Non-essential item

I took the kids to a Malaysian restaurant for dinner on Friday night – it’s not often that we eat out together as a family, due to social lives, work commitments and financial concerns.

As we hooked into our roti chanai, the kids started discussing their plans to move out of home. I should have been thrilled that I’ve parented two such strong, independent kids, but I felt a bit sad.

The eldest has already been checking out the rental market in the inner west and has found an apartment that looks good.

There’s just one problem – the eldest doesn’t have a job. Cart before the horse.

Then youngest announced she doesn’t want to go to university in Sydney when she finishes high school next year. She’s checking out regional options.

And suddenly I was staring down the barrel of two kids leaving home pretty soon.

It will just be me and the dogs in a big, lonely house.

I was walking the dogs last week when I saw an older woman gardening. I stopped for a chat and she told me she had moved into the townhouse after splitting up with her husband. It was her father in law’s place and she bought it when he passed away two years ago.

I asked if she was enjoying living in the area and she bluntly said no. She was lonely.

She’d tried joining the local bridge and croquet clubs, but friendships hadn’t stuck.

I walked away from the conversation feeling a little unsettled. I spend so much time imagining where I will go when I sell my house, but what if I don’t make any friends there?

It seems unlikely given that I could win an Olympic gold medal for talking, but it still unsettled me.

As I continued my walk past the local park, my head filled with memories of the kids playing there as little tackers.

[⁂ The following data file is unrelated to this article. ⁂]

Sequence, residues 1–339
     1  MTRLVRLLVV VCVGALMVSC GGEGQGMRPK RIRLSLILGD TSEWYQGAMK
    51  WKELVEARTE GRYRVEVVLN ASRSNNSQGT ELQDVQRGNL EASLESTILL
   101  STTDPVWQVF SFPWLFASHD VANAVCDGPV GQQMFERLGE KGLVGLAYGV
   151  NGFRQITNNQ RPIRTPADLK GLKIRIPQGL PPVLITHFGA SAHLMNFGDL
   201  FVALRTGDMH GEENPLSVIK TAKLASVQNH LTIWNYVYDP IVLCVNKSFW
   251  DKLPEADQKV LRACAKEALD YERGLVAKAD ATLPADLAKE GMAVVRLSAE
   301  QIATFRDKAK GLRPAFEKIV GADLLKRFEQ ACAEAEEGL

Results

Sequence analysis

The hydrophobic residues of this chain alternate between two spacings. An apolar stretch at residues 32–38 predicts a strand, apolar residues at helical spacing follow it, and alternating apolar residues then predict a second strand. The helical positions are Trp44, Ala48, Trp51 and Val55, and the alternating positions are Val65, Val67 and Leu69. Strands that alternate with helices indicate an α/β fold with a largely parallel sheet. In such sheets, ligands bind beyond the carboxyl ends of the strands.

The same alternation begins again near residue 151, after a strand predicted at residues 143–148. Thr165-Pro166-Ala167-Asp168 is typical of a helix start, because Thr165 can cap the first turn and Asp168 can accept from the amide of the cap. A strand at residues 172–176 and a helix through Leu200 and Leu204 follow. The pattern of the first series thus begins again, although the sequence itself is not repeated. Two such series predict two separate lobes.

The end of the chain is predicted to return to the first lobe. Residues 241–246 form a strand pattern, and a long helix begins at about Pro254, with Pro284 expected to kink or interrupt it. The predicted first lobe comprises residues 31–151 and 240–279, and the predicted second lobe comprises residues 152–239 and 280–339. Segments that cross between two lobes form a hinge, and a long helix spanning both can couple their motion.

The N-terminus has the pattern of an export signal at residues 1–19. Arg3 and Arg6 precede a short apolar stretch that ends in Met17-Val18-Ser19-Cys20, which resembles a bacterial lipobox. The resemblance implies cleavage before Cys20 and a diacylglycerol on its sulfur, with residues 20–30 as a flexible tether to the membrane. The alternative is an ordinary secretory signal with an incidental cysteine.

It feels like yesterday that I was chasing them around the play equipment as they squealed with laughter and joy. Now they’re taller than me and can’t even be enticed to watch a movie at night.

I worry that I didn’t engage with them enough when they were kids, that I squandered those precious years when they wanted to spend every moment with me.

Knowing my kids want to leave home is a little distressing, no matter how natural their desire to be independent may be.

I feel a bit non-essential.

I’m sure the kids will need me now and then, but it’s a recalibration to go from being their primary caregiver to a peripheral player in their lives.

And it’s a big step to decide how my life should evolve from that point.

It must be about what I want and where I will be happy. It can’t be about where the kids or DD are living. The life I create should be one that I am comfortable to inhabit on my own.

On the weekend, I traversed my local neighborhood, visiting my sister and walking with friends. There are many familiar faces that I pass and shoot the breeze with each morning on my dog walks. Everyone at the cafe knows my name.

There’s a warm familiarity to my days that the woman who was gardening has lost.

It’s not something to give up lightly, yet I yearn for a little place by the sea.

It’s a busy place inside my head. Too busy, perhaps. There are still a few years of primary caring ahead of me.

Watch this space … and share your wisdom with me if you’ve been there, done that …

Song of the day: The Beatles “Eleanor Rigby”

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